Listen. Hear.

She followed Terror Incorporated with: 'Insurgent Iraq: Al-Zarqawi and the New Generation,' 'ROGUE ECONOMICS Capitalism’s New Reality,' 'TERRORISM AND THE ECONOMY: How the War on Terror is Bankrupting the World,' '10 YEARS THAT SHOOK THE WORLD: A Timeline of Events from 2001, 'MAONOMICS: Why Chinese Communists Make Better Capitalists Than We Do,' and her latest, 'The Islamist Phoenix: Islamic State and the Redrawing of the Middle East.'

Loretta Napoleoni in the first half.

And; tucked away on the edges of Saanich, above the hum of the Pat Bay Highway, is Haliburton Farm. The nine and a half acre organic community farm, sitting in the middle of a regular suburban neighbourhood has attracted attention from urban farmers the world over. Peter Liddell is one of the community volunteers sitting on Haliburton's board of directors, and he took me for a turn around the farm last week.

Peter Liddell and a unique farming model pioneered here in Saanich in the second half.

And; Victoria Street Newz publisher emeritus and CFUV Radio broadcaster, Janine Bandcroft will join us at the bottom of the hour to bring us up to speed with some of what's good to do in and around our city in the coming week, and beyond there too. But first, Loretta Napoleoni and an Islamic Phoenix rising in the Middle East.
Chris Cook hosts Gorilla Radio, airing live every Wednesday, 1-2pm Pacific Time. In Victoria at 101.9FM, and on the internet at: And now heard at Simon Fraser University's . He also serves as a contributing editor to the web news site, Check out the GR blog at:

G-Radio is dedicated to social justice, the environment, community, and providing a forum for people and issues not covered in the corporate media.

Tuesday, December 09, 2014

Brand on Torture Release

CIA Torture: What Should We Think?

by Russell Brand - The Trews E207

Reaction to news that a landmark report on CIA torture after 9/11 has been released today.

Produced directed & edited by Gareth Roy.
Trews Theme by The Rubberbandits
Thanks to Jimi Mackay: @jimimackay
and Urban Nerds: @urban_nerds for our creative services

Subscribe Here Now: and send links to video news items of topical stories that you'd like me to analyse.

Cornering Russia, Freezing the World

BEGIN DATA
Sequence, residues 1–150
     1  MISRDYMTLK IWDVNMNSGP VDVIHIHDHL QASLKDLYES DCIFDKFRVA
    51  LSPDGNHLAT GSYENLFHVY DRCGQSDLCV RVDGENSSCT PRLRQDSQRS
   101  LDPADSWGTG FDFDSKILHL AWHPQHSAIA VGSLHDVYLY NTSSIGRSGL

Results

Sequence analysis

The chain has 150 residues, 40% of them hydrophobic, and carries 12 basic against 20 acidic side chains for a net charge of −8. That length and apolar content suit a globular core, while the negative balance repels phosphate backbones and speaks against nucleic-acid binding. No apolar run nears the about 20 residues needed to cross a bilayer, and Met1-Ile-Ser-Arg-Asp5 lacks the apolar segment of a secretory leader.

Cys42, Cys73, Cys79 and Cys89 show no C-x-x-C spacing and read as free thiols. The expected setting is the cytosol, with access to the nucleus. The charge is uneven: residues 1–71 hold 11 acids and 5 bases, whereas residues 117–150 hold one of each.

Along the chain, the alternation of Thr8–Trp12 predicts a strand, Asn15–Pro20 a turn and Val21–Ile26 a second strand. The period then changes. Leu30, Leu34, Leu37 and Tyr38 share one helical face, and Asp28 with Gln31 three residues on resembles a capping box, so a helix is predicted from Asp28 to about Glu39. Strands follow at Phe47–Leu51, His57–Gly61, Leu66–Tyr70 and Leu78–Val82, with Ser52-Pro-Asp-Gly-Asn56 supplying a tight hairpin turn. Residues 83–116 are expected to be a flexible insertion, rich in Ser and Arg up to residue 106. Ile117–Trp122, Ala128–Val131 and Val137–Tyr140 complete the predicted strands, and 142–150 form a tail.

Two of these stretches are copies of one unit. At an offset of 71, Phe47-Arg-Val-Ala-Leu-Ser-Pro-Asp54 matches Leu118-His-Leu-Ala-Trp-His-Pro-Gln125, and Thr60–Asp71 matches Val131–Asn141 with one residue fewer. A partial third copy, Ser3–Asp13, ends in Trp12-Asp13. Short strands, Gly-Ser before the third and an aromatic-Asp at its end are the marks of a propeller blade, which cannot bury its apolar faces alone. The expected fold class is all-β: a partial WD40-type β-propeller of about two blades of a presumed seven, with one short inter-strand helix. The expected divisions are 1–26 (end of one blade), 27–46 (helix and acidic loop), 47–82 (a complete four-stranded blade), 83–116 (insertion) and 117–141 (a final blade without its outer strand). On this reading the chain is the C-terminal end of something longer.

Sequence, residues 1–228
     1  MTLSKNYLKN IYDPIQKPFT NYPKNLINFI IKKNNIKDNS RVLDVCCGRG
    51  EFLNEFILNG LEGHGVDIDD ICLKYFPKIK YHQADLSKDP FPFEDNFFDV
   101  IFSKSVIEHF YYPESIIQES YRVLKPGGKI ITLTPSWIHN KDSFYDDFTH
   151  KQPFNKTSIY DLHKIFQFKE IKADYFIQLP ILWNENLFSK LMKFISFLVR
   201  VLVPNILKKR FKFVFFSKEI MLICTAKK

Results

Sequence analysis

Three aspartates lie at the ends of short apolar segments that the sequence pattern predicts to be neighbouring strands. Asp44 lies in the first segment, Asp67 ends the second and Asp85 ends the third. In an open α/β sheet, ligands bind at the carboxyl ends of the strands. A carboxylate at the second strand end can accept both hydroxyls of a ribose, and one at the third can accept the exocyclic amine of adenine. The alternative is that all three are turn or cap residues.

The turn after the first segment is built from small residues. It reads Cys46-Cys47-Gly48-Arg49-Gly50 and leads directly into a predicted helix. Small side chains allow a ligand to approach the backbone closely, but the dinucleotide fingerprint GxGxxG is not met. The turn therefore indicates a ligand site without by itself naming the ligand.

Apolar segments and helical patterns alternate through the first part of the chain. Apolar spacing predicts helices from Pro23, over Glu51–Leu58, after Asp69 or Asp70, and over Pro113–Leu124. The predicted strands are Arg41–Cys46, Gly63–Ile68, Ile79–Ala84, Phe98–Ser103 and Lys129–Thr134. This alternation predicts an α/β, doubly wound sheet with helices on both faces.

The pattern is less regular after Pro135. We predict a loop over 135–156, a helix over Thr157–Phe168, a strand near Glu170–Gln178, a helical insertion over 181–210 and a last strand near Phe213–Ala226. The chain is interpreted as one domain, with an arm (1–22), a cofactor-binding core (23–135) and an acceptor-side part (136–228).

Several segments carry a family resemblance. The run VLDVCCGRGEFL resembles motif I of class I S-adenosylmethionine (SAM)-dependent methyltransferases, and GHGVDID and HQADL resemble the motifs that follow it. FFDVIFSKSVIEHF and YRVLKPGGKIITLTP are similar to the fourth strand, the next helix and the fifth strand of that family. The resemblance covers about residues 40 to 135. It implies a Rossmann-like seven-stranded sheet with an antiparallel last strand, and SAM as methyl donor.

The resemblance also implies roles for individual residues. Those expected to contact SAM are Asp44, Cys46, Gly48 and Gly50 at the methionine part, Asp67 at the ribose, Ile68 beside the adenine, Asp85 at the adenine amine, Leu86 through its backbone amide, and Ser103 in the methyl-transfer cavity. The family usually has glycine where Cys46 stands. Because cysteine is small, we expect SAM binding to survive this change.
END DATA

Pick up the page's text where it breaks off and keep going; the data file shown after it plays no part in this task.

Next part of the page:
Washington’s Frozen War Against Russia

by Diana Johnstone - CounterPunch

For over a year, the United States has played out a scenario designed to (1) reassert U.S. control over Europe by blocking E.U. trade with Russia, (2) bankrupt Russia, and (3) get rid of Vladimir Putin and replace him with an American puppet, like the late drunk, Boris Yeltsin.

The past few days have made crystal clear the perfidy of the economic side of this U.S. war against Russia.

It all began at the important high-level international meeting on Ukraine’s future held in Yalta in September 2013, where a major topic was the shale gas revolution which the United States hoped to use to weaken Russia. Former U.S. energy secretary Bill Richardson was there to make the pitch, applauded by Bill and Hillary Clinton. Washington hoped to use its fracking techniques to provide substitute sources for natural gas, driving Russia out of the market. This amounts to selling Europe a pig in a poke.

But this trick could not be accomplished by relying on the sacrosanct “market”, since fracking is more costly than Russian gas extraction. A major crisis was necessary in order to distort the market by political pressures. By the February 22 coup d’état, engineered by Victoria Nuland, the United States effectively took control of Ukraine, putting in power its agent “Yats” (Arseniy Yatsenyuk) who favors joining NATO. This direct threat to Russia’s naval base in Crimea led to the referendum which peacefully returned the historically Russian peninsula to Russia. But the U.S.-led chorus condemned the orderly return of Crimea as “Russian military aggression”. This defensive move is trumpeted by NATO as proof of Putin’s intention to invade Russia’s European neighbors for no reason at all.

Meanwhile, the United States’ economic invasion has gone largely unnoticed.

Ukraine has some of the largest shale gas reserves in Europe. Like other Europeans, Ukrainians had demonstrated against the harmful environmental results of fracking on their lands, but unlike some other countries, Ukraine has no restrictive legislation. Chevron is already getting involved.

As of last May, R. Hunter Biden, son of the U.S. Vice President, is on the Board of Directors of Burisma Holdings, Ukraine’s largest private gas producer. The young Biden will be in charge of the Holdings’ legal unit and contribute to its “international expansion”.

Ukraine has rich soil as well as shale oil reserves. The U.S. agribusiness giant Cargill is particularly active in Ukraine, investing in grain elevators, animal feed, a major egg producer and agribusiness firm, UkrLandFarming, as well as the Black Sea port at Novorossiysk. The very active U.S.-Ukraine Business Council includes executives of Monsanto, John Deere, agriculture equipment-maker CNH Industrial, DuPont Pioneer, Eli Lilly & Company. Monsanto plans to build a $140 million “non-GMO corn seed plant in Ukraine”, evidently targeting the GMO-shy European market. It was in her speech at a Chevron-sponsored meeting of the U.S.-Ukraine Business Council a year ago that Victoria Nuland mentioned the five billion dollars spent by the U.S. in the last twenty years to win over Ukraine.